630th Quartermaster Battalion, Ft. Warren, Wyoming, early 1944. Dad is the first soldier
on the far left, bottom row.
Dad on leave in April, 1944, just before he was shipped overseas. At left are Wilbur and
his wife Margaret; at right are Frank and his wife Dot. Unknown woman next to Dad.
Dad may have enjoyed a stop in New Orleans during this same leave; he saved a menu
(in French) from a “Restaurant Antoine” at 713-717 St. Louis Street, New Orleans. Specialties
included “les crabs moux frits,” “le pigeonneaux royal sauce paradis,” and “les riz deveau financiere.”
The trip itself was uneventful – I didn’t
get seasick, and we watched the flying fish. It
was a peaceful but dark sea.
The Taj Majal Hotel in Bombay.
We landed at Bombay on October 29,
1944, which we could smell from miles away.
I got to visit the Taj Majal Hotel in Bombay – a
British tea planter staying there invited some
troops up to look at his room. I remember
mostly the creaky old elevator.
From Bombay, they loaded us on an
Indian train heading north on the narrow
gauge railway. They were wooden coaches
with no train seats, just hard wooden
benches, and the toilet was a compartment
with a hole in the floor. At the station, somebody set
off a bug bomb and I remember seeing the roaches
come pouring out of the car!
When we got to the Brahmaputra River, we boarded a paddle boat to go up the river north of
Calcutta to Dibrugarh in Assam, where our company headquarters was to be located. There, the
company split into three platoons of about 16 people each. One went to the Burma Road to bake
bread for the troops there. I was in charge of a platoon which was sent downriver to Jorhat, a little
town on the Brahmaputra River.
The river was always in sight. It was the custom to bury the dead by building a funeral pyre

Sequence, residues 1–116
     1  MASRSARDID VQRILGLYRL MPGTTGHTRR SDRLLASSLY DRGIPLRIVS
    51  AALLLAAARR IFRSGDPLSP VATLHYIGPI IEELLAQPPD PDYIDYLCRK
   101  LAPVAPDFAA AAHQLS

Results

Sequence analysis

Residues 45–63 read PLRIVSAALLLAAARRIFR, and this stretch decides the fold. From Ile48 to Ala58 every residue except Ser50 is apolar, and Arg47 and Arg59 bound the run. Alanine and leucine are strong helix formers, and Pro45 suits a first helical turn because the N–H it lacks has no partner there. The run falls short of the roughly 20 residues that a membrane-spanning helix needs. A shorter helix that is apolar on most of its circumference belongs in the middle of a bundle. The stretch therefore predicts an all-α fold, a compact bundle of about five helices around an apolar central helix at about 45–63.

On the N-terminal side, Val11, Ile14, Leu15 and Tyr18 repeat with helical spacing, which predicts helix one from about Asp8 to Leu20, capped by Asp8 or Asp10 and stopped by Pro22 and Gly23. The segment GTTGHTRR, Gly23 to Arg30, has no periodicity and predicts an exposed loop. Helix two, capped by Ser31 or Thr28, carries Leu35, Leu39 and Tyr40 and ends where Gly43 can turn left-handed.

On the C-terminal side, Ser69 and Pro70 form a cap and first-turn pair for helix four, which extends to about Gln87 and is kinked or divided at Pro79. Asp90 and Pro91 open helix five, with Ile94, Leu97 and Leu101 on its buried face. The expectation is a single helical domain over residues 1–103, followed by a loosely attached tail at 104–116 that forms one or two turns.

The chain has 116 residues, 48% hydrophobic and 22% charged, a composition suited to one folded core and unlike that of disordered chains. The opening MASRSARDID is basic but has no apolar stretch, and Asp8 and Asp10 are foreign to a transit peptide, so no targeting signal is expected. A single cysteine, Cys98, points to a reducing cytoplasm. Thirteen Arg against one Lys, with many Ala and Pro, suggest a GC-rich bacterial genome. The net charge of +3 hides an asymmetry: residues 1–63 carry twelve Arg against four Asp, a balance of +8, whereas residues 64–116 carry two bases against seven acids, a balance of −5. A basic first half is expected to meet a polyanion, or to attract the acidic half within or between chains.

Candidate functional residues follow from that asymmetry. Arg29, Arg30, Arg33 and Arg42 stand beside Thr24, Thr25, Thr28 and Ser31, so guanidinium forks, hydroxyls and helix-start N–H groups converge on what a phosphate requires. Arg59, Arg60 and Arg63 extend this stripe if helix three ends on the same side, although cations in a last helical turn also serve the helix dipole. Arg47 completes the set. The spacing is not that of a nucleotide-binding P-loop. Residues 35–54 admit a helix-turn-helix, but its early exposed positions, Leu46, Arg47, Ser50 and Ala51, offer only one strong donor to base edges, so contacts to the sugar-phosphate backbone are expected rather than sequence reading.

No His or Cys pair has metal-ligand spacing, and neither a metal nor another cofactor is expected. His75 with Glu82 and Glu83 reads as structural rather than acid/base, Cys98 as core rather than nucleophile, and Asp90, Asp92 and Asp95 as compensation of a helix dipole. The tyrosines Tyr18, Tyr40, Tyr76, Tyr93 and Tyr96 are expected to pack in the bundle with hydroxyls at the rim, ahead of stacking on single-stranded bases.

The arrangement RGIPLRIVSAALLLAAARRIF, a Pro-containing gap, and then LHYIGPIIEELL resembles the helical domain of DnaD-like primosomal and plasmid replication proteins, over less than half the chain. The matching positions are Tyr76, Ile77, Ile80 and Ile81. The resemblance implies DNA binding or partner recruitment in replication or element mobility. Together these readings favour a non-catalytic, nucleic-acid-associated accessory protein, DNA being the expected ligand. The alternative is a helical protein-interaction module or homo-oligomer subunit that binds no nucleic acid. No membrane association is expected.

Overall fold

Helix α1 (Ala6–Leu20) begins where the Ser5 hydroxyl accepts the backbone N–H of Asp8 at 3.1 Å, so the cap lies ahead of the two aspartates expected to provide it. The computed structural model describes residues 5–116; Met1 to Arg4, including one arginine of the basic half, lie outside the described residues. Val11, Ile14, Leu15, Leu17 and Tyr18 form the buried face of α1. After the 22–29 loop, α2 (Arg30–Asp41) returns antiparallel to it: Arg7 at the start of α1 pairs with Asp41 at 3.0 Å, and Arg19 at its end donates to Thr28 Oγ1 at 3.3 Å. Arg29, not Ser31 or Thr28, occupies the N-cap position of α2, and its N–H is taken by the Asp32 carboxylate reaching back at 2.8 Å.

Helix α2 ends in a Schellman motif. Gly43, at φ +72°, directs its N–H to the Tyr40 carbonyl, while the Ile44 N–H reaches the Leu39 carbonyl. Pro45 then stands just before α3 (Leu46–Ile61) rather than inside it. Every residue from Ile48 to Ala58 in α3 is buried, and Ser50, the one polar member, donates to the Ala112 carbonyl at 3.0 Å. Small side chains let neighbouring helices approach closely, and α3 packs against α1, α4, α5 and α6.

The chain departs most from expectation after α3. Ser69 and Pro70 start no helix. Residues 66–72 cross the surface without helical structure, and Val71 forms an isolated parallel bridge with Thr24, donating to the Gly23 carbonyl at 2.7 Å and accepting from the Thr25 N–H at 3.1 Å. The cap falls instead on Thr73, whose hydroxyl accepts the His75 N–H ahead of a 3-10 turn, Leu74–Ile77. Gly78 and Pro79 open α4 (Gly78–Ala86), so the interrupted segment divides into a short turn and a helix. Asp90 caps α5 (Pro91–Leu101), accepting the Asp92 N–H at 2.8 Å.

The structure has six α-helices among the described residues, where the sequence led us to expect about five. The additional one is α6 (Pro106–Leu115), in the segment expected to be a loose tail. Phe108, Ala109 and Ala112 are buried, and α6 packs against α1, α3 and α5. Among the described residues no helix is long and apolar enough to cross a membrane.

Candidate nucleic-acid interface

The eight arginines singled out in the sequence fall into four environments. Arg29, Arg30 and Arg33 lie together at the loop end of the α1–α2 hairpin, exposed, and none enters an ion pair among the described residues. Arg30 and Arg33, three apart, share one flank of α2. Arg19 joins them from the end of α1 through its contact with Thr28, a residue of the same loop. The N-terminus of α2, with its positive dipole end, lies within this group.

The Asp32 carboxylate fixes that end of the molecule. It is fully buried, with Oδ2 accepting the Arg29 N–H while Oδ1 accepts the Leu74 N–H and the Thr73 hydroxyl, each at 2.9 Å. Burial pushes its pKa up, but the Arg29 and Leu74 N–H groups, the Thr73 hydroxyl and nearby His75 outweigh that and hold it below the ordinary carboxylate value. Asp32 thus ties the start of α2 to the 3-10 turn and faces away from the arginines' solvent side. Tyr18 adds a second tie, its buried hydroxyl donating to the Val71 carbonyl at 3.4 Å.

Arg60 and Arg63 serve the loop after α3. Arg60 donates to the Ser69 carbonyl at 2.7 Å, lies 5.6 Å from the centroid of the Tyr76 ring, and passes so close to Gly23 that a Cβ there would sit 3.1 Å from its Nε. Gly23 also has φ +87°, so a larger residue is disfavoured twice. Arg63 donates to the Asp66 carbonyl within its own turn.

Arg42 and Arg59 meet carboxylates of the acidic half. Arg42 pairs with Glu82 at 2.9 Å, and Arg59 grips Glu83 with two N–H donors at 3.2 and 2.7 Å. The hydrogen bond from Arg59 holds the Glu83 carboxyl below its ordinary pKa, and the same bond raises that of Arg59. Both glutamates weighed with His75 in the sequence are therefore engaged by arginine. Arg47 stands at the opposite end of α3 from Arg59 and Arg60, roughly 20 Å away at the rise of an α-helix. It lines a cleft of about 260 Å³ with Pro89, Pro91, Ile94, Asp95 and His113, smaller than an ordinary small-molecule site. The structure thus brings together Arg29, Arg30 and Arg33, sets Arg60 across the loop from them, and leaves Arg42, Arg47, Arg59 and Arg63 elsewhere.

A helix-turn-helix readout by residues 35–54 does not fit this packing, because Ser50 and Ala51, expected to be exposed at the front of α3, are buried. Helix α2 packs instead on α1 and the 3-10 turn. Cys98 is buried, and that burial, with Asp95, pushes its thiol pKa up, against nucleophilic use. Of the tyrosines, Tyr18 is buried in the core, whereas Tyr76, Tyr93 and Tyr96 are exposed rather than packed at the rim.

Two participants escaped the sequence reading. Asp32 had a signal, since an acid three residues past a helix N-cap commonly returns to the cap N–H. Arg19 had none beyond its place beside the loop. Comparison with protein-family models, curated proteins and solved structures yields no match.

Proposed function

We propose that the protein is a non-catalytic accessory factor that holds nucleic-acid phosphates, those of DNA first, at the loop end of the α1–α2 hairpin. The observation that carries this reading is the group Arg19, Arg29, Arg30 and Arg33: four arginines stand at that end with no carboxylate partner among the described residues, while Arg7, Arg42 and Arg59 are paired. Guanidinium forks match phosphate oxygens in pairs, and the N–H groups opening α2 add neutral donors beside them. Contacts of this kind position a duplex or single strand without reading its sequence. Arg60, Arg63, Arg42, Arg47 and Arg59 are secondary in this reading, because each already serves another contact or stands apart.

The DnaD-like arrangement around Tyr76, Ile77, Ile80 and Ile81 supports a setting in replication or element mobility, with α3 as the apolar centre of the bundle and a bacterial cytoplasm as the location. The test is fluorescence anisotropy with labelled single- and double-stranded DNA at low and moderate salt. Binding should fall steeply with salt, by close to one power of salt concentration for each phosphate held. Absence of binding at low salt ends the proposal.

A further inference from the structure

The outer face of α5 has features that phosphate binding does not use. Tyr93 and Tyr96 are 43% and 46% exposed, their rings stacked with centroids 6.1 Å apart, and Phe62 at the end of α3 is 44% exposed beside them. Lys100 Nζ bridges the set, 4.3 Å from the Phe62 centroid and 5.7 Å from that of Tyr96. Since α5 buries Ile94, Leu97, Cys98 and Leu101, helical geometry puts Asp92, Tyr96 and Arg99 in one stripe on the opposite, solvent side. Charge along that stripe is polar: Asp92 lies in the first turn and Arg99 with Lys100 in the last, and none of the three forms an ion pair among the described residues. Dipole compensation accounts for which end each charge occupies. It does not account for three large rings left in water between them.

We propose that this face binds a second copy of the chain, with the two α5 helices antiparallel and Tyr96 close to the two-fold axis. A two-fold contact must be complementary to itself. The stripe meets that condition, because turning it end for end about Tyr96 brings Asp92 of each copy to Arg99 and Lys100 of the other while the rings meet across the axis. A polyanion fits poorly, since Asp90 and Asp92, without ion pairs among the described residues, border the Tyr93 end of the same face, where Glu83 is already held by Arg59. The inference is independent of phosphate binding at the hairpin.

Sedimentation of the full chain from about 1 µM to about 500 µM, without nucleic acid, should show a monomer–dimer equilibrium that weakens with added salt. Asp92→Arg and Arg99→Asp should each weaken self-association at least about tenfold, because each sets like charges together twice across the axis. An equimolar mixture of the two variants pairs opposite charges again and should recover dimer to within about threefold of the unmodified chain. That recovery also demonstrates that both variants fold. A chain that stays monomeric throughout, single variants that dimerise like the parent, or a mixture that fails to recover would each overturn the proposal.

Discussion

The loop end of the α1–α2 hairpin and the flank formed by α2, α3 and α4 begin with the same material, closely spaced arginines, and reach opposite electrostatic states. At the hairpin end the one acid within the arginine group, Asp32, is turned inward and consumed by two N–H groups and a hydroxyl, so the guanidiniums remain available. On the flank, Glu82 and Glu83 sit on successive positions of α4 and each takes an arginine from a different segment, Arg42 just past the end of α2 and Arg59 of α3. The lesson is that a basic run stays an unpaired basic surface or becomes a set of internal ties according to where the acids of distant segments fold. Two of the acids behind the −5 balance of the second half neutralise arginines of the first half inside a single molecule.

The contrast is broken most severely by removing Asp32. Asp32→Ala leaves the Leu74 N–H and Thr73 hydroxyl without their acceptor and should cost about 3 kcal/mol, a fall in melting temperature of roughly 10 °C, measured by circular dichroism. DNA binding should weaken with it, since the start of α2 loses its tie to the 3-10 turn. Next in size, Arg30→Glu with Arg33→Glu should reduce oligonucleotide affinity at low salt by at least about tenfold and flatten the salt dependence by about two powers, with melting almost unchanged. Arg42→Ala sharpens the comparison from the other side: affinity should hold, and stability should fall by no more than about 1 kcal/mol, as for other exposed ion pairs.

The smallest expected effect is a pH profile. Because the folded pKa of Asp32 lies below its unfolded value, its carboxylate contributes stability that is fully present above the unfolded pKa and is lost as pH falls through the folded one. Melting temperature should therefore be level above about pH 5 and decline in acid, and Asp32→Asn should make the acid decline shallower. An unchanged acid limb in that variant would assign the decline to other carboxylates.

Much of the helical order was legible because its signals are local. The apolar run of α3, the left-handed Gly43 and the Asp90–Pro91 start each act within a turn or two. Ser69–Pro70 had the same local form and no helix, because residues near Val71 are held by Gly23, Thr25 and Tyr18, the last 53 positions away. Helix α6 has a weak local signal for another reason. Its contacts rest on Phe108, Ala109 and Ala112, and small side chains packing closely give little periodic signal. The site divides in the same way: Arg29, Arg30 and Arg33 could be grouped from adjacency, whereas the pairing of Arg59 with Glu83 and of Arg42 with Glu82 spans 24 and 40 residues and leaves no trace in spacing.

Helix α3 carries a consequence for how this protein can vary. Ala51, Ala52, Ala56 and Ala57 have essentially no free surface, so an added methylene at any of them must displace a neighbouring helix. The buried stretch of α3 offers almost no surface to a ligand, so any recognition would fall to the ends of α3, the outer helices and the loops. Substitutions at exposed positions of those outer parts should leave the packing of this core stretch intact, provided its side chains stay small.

called a “ghat”, setting fire to it and pushing it out into the river. I remember the Brahmaputra had
burning ghats in it.
Our job was to bake bread for the nearby Air Force Base to supply the airmen flying bombing
missions over the Burma Pass and into Japan. We set up field ovens heated with kerosene, and my
troops baked bread. We had a motorized mixer and a big vat for the dough to rise in, and large tables
to make the dough into loaves. All of this in a bamboo shed with woven bamboo walls and thatched
The men in my platoon were mostly Italians from Waterbury, Connecticut. Life in the camp was
not all that bad, but all we had to drink was powdered milk. The Italian soldiers tried to cook pizza
once, using bread dough, canned tomatoes, and American cheese – no herbs. It didn’t taste very
much like pizza, and they never tried it again.
The rains came and we survived one real monsoon. For the most part, though, monsoon season
meant it drizzled all the time, but it wasn’t heavy rain.
It was my job to censor all the mail that went out to wives and girlfriends. They couldn’t mention
where they were. What they were writing was, they couldn’t wait to get home.
I was a Second Lieutenant, and had a driver named Dominick Verraster who drove me around
in the bread truck and the jeep. The troops were paid in cash, and I had to drive to the finance office
to pick up the payroll with a rifle over one shoulder!
Our bakery buildings were grass huts
Cutting and molding the dough
Taking dough out of mixer
The finished bread
Molding and panning
Stacking bread to cool
Ready for a short trip, with driver (Dominick Verraster) and truck. Assam, India, February 1945
Wearing a bush jacket in Jorhat
In Jorhat, we lived in a bamboo
building, where I had my own room.
The town was near the Tibetan border,
and I remember once some Tibetans
came down out of the mountains with
yak butter as pomade in their long
hair. There were still Japanese in
Burma, but we didn’t see any.
A hill man, and a woman from the Naga Hills
The only leave time I had in the
year and a half I was in India was one
week in Calcutta (September, 1945).
When your leave arrived, they would
fly you to Calcutta and put you up with
several other soldiers in a room.
I hadn’t met Claire yet – I didn’t
even have any girlfriend at all -- but
thought some day I would marry, and so I bought a lovely